Scotland Not all About Whisky!


Scotland is not all about whisky!  On your next campervan adventure in Scotland why not go in search of some amazing Scottish craft alcoholic beverages. Scotland has a long history of crafting alcoholic beverages, and while we love our national drink, whisky, we also have a strong passion for other craft drinks. Our oldest drink is beer, but as the times changed, we have lovingly embraced crafting all kinds of drinks, such as gin, vodka and even a special kind of wine.

Put simply, there’s a rich diversity of craft alcohol in Scotland. Are you ready for an epic adventure that will entice your taste buds? Keep reading to see various craft alcohol companies around the country that deliver to your home.

*Please note that some craft alcohol companies sell online through third party retailers. You will be redirected from the company’s website.


We Scots have been fermenting malted grains since around 10,000 B.C. To put that into context, we had been drinking beer for 5,000 years before we founded our famous prehistoric village of Skara Brae on the west coast of Orkney and 7,500 to 8,000 years before we erected the marvel that is the Ring of Brodgar, further inland on Orkney. In short, that’s a lot of years to perfect the craft of brewing!

Nowadays, we take malted barley and turn it into a sugar-rich, brown syrup called wort. We then add hops, and ferment and filter the beer. By roasting the barley beforehand, we create porters and stouts. Fermenting the beer from the top of the vat yields red, gold or scotch ales and doing so from the bottom creates lager. Leave it unfiltered, make it an extra hoppy IPA, add ginger syrup, mix it with lemonade to create a shandy or add just a little to make a lager top; Scottish beers are arguably more diverse than our weather!

Scottish beers are only limited to the brewer’s own imagination. If that’s something you like, have a look at just some these craft beer breweries or click on our craft beer map to see the complete list:



While craft gin is a later addition to our liquor cabinet, it is arguably more diverse than even our craft beers. Juniper flavoured spirits were known throughout the medieval period, but especially in the low countries, where the Dutch made (and still make) old style jenever, a kind of juniper-flavoured whisky and rum mixture that didn’t have to age in barrels, per se.

The Dutch later invented young style jenever, which was made by infusing juniper berries with fermented and distilled treacle (a by-product of refining sugar). It is this drink, known to us as gin, that exploded in popularity in the late 17th century, initially largely around Leith. Today 70% of UK gin is made in Scotland, with a spike in craft producers in the last 2 to 3 years.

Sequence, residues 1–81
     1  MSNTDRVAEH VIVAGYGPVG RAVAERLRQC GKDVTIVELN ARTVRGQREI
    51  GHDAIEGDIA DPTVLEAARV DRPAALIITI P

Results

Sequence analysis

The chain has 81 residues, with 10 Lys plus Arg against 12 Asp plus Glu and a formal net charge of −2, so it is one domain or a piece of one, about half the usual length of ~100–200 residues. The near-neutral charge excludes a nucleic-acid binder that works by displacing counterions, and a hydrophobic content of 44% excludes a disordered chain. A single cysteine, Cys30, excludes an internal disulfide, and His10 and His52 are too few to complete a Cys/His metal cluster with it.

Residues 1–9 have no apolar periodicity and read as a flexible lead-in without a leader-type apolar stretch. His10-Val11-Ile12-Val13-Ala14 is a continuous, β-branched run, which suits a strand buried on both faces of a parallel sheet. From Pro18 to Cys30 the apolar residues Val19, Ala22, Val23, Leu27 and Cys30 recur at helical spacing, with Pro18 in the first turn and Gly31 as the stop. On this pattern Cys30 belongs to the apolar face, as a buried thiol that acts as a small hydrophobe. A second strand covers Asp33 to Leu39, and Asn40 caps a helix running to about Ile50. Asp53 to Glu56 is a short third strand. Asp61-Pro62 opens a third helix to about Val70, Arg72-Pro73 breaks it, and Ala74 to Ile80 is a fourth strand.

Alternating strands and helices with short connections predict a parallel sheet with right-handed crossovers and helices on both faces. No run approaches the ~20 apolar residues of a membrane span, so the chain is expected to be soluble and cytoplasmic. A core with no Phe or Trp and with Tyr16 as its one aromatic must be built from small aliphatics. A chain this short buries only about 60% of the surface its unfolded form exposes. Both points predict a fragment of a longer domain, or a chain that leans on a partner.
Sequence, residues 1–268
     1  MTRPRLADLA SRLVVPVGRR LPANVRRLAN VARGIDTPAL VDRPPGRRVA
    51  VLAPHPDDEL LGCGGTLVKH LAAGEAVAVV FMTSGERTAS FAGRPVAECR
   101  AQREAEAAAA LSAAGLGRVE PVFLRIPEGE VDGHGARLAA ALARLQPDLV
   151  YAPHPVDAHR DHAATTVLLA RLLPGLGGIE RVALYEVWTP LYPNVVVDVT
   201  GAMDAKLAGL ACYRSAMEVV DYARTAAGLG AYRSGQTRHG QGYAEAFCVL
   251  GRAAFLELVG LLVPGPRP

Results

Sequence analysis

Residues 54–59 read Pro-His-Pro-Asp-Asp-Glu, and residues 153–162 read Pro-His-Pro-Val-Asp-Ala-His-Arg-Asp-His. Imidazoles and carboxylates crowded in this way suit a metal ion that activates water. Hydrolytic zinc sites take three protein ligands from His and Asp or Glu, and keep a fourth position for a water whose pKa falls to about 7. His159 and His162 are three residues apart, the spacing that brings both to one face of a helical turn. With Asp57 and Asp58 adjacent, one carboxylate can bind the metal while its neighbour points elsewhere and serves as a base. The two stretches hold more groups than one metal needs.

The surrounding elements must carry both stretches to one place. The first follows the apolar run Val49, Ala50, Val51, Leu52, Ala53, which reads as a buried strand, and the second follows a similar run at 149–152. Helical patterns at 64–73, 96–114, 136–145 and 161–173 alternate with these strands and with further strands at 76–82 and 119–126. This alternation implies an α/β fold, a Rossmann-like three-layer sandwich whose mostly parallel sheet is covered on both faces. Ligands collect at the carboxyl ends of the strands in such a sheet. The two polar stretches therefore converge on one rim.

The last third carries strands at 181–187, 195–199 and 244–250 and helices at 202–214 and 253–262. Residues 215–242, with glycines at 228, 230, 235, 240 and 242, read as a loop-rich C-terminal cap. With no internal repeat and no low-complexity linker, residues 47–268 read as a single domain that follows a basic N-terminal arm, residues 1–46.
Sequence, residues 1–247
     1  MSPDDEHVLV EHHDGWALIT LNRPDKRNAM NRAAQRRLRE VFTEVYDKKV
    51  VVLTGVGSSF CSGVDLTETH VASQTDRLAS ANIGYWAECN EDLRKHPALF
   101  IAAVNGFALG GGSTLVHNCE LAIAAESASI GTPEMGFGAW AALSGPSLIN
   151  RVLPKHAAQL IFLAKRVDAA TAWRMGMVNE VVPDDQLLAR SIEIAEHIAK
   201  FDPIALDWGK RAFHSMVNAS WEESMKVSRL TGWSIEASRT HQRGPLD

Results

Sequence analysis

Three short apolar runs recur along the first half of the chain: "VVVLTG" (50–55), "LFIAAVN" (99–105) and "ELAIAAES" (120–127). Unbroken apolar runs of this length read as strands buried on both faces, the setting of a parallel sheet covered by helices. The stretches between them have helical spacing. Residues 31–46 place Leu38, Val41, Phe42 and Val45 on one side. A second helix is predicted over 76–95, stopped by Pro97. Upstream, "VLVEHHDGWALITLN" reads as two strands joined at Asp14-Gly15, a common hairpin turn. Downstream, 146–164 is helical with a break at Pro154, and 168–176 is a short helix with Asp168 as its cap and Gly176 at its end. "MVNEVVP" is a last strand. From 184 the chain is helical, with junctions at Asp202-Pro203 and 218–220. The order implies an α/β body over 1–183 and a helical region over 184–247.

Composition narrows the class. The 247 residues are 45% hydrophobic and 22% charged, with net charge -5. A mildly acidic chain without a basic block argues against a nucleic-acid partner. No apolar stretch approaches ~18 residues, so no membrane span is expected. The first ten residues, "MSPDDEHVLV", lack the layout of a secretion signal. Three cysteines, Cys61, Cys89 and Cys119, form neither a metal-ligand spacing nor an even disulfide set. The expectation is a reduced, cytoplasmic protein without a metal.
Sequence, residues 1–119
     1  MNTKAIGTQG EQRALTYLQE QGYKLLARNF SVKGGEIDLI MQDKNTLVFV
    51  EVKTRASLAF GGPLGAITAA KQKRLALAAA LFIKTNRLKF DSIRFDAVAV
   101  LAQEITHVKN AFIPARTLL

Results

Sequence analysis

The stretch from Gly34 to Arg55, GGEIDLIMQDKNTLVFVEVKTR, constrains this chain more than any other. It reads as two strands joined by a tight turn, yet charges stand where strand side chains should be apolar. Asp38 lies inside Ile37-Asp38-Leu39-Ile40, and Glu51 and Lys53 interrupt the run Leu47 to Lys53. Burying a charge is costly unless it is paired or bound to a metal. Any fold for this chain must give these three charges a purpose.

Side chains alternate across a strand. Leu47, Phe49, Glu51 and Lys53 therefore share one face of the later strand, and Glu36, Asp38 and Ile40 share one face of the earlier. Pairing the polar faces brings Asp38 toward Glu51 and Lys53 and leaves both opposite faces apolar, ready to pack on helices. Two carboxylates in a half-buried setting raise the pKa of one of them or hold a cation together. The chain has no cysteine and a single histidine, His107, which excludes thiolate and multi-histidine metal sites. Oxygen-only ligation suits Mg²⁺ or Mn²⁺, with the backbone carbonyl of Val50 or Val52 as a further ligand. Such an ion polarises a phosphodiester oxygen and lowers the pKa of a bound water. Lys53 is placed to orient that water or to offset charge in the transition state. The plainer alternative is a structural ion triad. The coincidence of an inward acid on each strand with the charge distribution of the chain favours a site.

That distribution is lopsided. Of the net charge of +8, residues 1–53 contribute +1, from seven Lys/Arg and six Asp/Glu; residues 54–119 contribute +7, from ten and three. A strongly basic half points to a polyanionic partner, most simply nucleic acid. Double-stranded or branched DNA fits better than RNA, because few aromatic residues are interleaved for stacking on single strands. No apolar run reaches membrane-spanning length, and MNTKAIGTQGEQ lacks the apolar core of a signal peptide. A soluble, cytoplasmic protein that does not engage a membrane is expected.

It used to be that, for reasons similar to vodka, you could only use the middle third of the distilled product. However, nowadays, we’ve invented a plethora of different distilling techniques that allow us to use nearly every drop of distilled liquor. We also experimented with lots of different botanicals, so it’s not odd to see, for example, some delicious elderflower, ginger, grapefruit, lemon, orange, plum, pomegranate, raspberry or rhubarb-flavoured gin. If you’re looking for something particularly unique, try the Isle of Harris Gin which is made from hand-dived sugar kelp around the island.

With such a rich diversity, it might take you a while to find your favourite gin. To make things just a little bit easier, why not start with one of these or use our craft gin map to get the complete overview:



Rum may very well be one of the youngest spirits to have found its way to our country… and our hearts. In the 17th century, people on sugar cane plantations in the West Indies discovered how to make rum by fermenting treacle. The drink quickly became popular with sailors of the Royal Navy who brought it home.

Nowadays, rum is a mixture of refined sugar (usually from sugar cane, but sometimes from sugar beets) and treacle that is fermented, distilled and matured in casks. The longer a rum matures the richer the flavour. Those that are aged longer are called gold or amber rum, or dark rum if it’s made from caramelised sugar, whereas those that aged only briefly are called light, silver or white rum. Flavoured rums are infused with fruit flavourings and spiced rums with spices.

Scotland produced rum has grown in the past 200 years as a drink, synonymous with warmth, good times and adventure, so, pick your favourite and raise a glass.